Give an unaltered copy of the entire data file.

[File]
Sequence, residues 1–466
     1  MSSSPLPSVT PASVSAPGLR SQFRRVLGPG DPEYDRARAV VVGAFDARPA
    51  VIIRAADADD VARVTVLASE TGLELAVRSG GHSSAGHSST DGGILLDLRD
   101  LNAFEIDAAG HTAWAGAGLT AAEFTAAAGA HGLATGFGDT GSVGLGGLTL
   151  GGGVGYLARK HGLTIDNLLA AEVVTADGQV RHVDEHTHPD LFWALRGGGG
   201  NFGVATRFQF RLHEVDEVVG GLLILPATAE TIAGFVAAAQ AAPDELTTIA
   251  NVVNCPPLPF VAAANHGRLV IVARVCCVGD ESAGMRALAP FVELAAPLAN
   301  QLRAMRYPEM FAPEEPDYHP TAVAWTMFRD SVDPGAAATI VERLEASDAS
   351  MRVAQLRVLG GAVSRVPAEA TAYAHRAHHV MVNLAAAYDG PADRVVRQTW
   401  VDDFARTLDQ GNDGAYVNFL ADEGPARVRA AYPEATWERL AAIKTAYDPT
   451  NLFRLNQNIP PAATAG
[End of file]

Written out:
Sequence, residues 1–466
     1  MSSSPLPSVT PASVSAPGLR SQFRRVLGPG DPEYDRARAV VVGAFDARPA
    51  VIIRAADADD VARVTVLASE TGLELAVRSG GHSSAGHSST DGGILLDLRD
   101  LNAFEIDAAG HTAWAGAGLT AAEFTAAAGA HGLATGFGDT GSVGLGGLTL
   151  GGGVGYLARK HGLTIDNLLA AEVVTADGQV RHVDEHTHPD LFWALRGGGG
   201  NFGVATRFQF RLHEVDEVVG GLLILPATAE TIAGFVAAAQ AAPDELTTIA
   251  NVVNCPPLPF VAAANHGRLV IVARVCCVGD ESAGMRALAP FVELAAPLAN
   301  QLRAMRYPEM FAPEEPDYHP TAVAWTMFRD SVDPGAAATI VERLEASDAS
   351  MRVAQLRVLG GAVSRVPAEA TAYAHRAHHV MVNLAAAYDG PADRVVRQTW
   401  VDDFARTLDQ GNDGAYVNFL ADEGPARVRA AYPEATWERL AAIKTAYDPT
   451  NLFRLNQNIP PAATAG